- Someone who doesn’t want to experience psychological frustration or anxiety and, instead, expresses themselves in an aggressive way.
- The opposite can also occur. Instead of being the aggressor, you end up on the receiving end of that behavior. You’re the victim who doesn’t know how to defend themselves.
- Low self-esteem can affect your potential, your opportunities, and your life. Lack of self-confidence makes you stay in your comfort zone, where nothing ever happens.
- Last but not least, insecurity and low self-esteem are related to multiple mental and physical health problems.
For example, studies show that there’s a close link between low self-esteem and eating disorders. The Infanta Leonor University Hospital in Madrid, Spain conducted an interesting study that showed that low self-esteem is a risk factor for developing one of these serious disorders.
How can I stop being my own worst enemy?
You can’t “fix” your self-esteem overnight, especially if you’re carrying around the burden of a traumatic childhood, years of being the victim of workplace mobbing, or the consequences of a codependent relationship. But don’t lose hope, as you can take some steps to feel better about yourself.
- Psychological therapy is the best resource to work on the root causes of these insecurities. Dealing with these triggers and acquiring tools to improve your inner dialogue is the best strategy.
- Keeping a journal can also be a helpful tool. Writing down your thoughts and feelings makes it easier to identify unhealthy thought patterns, negativity, and irrational thoughts. It can also help you be more aware of the way you talk yourself and focus on being more encouraging instead of tearing yourself down all the time.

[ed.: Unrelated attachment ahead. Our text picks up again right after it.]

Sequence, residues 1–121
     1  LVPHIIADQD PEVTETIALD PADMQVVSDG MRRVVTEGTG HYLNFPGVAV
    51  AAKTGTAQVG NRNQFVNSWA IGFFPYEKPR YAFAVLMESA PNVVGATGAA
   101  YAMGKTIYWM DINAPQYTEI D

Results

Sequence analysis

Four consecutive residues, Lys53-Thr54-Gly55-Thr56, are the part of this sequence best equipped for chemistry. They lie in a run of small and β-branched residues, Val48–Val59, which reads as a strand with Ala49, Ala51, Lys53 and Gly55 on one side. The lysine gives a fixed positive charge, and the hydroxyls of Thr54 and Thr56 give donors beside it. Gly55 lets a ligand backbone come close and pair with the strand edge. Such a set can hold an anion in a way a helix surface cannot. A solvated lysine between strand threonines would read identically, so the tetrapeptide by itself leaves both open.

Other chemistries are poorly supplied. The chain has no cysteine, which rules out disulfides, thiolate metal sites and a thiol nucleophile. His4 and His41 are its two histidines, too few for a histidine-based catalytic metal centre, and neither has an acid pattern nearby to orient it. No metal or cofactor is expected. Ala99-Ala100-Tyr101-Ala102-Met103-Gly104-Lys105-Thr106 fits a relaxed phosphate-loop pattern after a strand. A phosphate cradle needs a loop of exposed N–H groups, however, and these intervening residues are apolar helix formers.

- Setting small, simple goals for the day can also be an interesting strategy. These little wins can make you feel better about yourself.
Experts also recommend starting new projects, as this can help you to discover new aspects of yourself that you might not have known were there. It’s time to recognize the person inside you who’s excited about life and believes in themselves. That’s the key to happiness and well-being.It might interest you...
All cited sources were thoroughly reviewed by our team to ensure their quality, reliability, currency, and validity. The bibliography of this article was considered reliable and of academic or scientific accuracy.
- Abbate-Daga, G., Gramaglia, C., Federico, A., Marzola, E. y Secondo, F. (2010). La inseguridad del apego, la personalidad y la insatisfacción corporal en los trastornos alimentarios. El Diario de Enfermedades Nerviosas y Mentales, 198 (7), 520-524. doi: 10.1097 / NMD.0b013e3181e4c6f7
- Mora, F., Fernandez Rojo, S., Banzo, C., & Quintero, J. (2017). The impact of self-esteem on eating disorders. European Psychiatry, 41(S1), S558–S558. https://doi.org/10.1016/j.eurpsy.2017.01.802
- Yuan, W., & Wang, L. (2016). Optimism and attributional style impact on the relationship between general insecurity and mental health. Personality and Individual Differences, 101312-317. doi:10.1016/j.paid.2016.06.005